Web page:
Assuming noncustomers can be converted to accountholders, these entry-level customers will also have specialized service needs. Banking services to consider for this customer segment include:

•    Checking and savings accounts with no balance requirements
•    Accounts with less severe overdraft penalties
•    Short-term, unsecured loan facilities with specialized eligibility requirements

For further insights on working with underserved customers, read the full FDIC survey, available here:

Topics: underserved communities, underserved areas, Unbanked customers, Bank Marketing

FDIC’s Unbanked Survey Reveals Key Strategies for Reaching Unbanked Customers

Posted by Wendell Brock on Fri, Feb 06, 2009

The FDIC has just released the results of a national survey pertaining to banks’ efforts to reach unbanked and underbanked individuals and households. This demographic is widely recognized as untapped potential for the banking industry—but industry efforts to move unbanked customers into traditional checking, savings and credit products have not been consistently successful.

The survey, conducted by Dove Consulting, was designed to quantify the efforts of banks to meet the needs of the unbanked/underbanked demographic, to identify the challenges associated with serving this market, and to identify innovative products and services which appeal to this target customer.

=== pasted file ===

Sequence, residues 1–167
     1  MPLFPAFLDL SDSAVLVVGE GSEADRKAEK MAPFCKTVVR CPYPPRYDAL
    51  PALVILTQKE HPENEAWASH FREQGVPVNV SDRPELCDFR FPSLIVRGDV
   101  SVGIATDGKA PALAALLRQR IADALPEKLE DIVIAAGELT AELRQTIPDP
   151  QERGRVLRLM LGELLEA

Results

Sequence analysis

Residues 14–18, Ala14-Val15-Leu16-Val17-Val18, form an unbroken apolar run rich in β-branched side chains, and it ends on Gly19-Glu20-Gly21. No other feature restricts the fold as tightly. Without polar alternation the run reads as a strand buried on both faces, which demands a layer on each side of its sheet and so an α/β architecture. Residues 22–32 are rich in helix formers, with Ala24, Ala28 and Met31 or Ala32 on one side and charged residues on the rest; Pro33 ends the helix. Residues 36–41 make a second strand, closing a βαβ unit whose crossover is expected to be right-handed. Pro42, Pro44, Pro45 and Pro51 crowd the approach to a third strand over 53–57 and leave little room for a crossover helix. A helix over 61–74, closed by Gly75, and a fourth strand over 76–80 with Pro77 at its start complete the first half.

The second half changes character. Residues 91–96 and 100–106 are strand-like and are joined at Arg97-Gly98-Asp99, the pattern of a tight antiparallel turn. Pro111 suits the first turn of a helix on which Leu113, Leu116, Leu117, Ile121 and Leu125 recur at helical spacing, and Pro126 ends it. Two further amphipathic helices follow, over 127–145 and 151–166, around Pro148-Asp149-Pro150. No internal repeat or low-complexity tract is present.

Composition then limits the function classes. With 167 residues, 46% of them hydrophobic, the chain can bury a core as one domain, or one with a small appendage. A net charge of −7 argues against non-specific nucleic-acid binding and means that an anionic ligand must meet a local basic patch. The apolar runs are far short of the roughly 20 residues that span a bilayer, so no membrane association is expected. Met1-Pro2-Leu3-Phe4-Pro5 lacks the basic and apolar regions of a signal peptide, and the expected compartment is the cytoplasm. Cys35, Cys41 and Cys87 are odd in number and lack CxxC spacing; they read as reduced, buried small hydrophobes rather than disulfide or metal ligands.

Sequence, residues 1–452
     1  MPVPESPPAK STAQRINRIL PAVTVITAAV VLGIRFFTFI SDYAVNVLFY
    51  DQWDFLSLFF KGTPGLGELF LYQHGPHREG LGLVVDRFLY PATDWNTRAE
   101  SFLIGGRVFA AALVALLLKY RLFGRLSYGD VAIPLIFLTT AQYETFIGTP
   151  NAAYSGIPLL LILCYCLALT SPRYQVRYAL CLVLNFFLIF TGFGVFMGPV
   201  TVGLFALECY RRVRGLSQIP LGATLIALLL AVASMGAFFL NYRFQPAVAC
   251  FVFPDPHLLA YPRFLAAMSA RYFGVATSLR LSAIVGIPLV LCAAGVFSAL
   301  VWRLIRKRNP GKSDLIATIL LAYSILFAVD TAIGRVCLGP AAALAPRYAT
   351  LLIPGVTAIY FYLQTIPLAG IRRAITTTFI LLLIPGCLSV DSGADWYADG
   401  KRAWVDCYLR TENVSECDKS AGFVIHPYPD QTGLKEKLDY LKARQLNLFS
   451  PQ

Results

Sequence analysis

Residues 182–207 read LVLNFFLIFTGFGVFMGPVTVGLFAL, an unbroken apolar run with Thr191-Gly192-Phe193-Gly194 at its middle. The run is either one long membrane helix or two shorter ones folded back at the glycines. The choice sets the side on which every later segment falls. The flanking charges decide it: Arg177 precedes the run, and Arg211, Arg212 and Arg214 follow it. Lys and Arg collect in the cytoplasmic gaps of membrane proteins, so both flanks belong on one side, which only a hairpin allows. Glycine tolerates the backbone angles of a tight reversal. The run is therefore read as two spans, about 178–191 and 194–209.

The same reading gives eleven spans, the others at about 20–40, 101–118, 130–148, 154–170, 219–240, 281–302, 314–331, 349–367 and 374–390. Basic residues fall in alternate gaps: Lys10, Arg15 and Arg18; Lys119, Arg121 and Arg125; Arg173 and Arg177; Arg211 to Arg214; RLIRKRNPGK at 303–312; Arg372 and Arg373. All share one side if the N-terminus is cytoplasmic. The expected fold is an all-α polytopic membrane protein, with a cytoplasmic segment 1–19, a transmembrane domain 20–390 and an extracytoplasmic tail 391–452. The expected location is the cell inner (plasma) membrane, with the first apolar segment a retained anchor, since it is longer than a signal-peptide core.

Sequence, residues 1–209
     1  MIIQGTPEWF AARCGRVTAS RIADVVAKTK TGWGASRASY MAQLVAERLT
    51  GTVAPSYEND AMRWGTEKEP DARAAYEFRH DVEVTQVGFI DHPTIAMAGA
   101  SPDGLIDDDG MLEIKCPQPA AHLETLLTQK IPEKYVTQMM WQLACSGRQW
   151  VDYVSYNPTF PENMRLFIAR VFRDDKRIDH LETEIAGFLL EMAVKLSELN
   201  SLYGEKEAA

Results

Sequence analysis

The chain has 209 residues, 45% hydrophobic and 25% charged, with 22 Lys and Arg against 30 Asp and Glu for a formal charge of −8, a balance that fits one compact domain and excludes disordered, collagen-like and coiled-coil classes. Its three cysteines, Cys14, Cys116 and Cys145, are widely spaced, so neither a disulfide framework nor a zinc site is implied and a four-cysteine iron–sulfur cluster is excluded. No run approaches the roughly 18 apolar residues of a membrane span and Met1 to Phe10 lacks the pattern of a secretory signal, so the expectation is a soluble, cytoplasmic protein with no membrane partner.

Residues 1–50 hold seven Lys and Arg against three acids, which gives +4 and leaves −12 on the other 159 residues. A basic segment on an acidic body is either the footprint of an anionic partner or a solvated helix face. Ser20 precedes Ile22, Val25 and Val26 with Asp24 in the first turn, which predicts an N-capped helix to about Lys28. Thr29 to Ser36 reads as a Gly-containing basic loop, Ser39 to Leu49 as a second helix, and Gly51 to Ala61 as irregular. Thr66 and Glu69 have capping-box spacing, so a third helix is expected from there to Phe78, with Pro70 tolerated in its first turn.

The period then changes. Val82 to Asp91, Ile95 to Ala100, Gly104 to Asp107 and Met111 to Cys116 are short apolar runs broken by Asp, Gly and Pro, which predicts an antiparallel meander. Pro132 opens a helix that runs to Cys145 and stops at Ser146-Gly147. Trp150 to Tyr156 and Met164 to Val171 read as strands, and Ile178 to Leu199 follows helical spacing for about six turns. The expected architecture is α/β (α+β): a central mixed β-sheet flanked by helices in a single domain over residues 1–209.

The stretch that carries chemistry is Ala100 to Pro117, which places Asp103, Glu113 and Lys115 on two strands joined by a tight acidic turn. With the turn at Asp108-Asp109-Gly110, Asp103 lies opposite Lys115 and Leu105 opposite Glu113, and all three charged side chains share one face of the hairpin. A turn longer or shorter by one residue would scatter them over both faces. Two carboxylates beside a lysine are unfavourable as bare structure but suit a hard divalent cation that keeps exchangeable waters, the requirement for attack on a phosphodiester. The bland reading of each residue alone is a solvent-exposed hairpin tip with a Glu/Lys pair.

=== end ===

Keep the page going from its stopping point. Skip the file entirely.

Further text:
Outreach plays pivotal role

More than 25 percent of respondent banks recommended the use of outreach programs to bring unbanked households into the conventional banking system. The bank employees tasked with designing appropriate outreach programs can turn to local employers, labor unions and community organizations to gain deeper insights into the needs and motivations of the targeted group. Alliances with these local organizations can also be leveraged by the bank to build awareness and trust quickly within the community.

Improved access

The traditional bank branch, with its limited hours and relatively formal setting, may be off-putting to this customer demographic. To address these concerns, banks might consider broadening customer access via kiosks, extended hours, web access and phone service. Some banks also reported success with hiring staff members who are fluent in foreign languages.

Specialty products and services